The Government of Puerto Rico named the building which houses the Housing Department of Puerto Rico, located at Avenida Barbosa in Rio Piedras, Puerto Rico The Juan César Cordero Dávila Building in his honor. The government also named a public housing project in San Juan after him.
Military awards and decorations
Among Cordero Dávila's decorations were the following:
The Bravery Gold Medal of Greece was given by the Government of Greece to the 65th Infantry Regiment and to the members of the regiment who fought in the Korean War.
- Chryssoun Aristion Andrias (Bravery Gold Medal of Greece)
Congressional Gold Medal
|You can see a video of President Barack Obama awarding the Congressional Gold Medal to the Borinqueneers HERE|
On June 10, 2014, President Barack Obama, signed the legislation known as "The Borinqueneers CGM Bill" at an official ceremony. The Bill honors the 65th Infantry Regiment with the Congressional Gold Medal.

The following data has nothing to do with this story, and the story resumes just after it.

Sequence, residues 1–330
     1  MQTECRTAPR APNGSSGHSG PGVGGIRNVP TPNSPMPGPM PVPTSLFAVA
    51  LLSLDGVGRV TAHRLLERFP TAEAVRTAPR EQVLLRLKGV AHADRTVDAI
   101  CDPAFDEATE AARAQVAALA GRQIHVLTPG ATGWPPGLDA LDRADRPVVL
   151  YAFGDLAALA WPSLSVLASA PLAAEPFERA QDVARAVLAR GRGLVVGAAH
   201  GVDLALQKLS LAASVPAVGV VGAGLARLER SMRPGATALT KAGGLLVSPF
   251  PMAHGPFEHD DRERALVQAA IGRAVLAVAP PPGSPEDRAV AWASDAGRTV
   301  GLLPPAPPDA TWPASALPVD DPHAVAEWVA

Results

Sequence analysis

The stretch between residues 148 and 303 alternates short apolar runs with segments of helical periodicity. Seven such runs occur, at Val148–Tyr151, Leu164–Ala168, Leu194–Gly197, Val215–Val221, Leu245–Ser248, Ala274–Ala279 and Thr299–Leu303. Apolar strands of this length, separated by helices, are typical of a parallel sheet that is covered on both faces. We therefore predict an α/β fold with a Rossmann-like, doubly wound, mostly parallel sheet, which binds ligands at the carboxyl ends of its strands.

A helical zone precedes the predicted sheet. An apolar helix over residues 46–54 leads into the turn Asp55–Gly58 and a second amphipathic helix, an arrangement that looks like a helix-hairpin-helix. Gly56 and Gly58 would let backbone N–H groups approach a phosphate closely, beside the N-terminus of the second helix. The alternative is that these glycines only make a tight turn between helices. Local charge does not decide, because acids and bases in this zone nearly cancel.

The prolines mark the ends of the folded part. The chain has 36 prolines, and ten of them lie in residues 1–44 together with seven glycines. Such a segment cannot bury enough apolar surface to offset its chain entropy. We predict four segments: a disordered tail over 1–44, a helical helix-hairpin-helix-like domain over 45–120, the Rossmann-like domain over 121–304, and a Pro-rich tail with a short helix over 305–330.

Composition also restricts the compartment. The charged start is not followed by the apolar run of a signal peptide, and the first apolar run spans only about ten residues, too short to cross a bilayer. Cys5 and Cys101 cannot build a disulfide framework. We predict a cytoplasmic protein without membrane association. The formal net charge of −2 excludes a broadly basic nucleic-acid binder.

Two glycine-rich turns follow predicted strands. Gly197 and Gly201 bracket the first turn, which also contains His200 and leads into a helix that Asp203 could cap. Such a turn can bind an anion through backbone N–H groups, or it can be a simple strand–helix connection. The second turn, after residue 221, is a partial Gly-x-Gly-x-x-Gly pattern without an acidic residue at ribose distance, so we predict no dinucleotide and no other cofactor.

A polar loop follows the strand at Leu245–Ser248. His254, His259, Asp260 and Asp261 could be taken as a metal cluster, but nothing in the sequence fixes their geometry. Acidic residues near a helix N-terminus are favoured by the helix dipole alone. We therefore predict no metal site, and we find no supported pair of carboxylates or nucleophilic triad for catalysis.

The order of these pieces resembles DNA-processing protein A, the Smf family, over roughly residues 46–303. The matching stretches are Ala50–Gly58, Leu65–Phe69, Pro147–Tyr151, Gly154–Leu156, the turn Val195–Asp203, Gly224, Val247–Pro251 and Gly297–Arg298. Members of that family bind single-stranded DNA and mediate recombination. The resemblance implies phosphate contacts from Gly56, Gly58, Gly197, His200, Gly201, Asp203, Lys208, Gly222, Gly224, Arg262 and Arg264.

- List of famous Puerto Ricans
- List of Puerto Rican military personnel
- Puerto Ricans in World War II
- 65th Infantry
- Puerto Rico Adjutant General
- Borinqueneers Congressional Gold Medal
- Zoom magazine
- Juan Cordero Dávila
- Army Magazine
- "Silver Star Citations". Korean War Educator. Retrieved 2006-12-16.
- Puerto Rico Herald
- Puerto Rico National Cemetery
- Obama honors Puerto Rican Infantry Regiment with Congressional Gold Medal, Washington Post, June 10, 2014.
- Dan Friedman, "Puerto Rico's Borinqueneers recognized with Congressional Gold Medal," New York Daily News, June 11, 2014.
- Obama awards Borinqueneers Congressional Medal of Honor, NBC News, June 10, 2014.
- Richard Payerchin, "President Obama to honor Army's Puerto Rican regiment the Borinqueneers," The Morning Journal, June 9, 2014.
- Puertorriquenos Who Served With Guts, Glory, and Honor. Fighting to Defend a Nation Not Completely Their Own; by : Greg Boudonck; ISBN 978-1497421837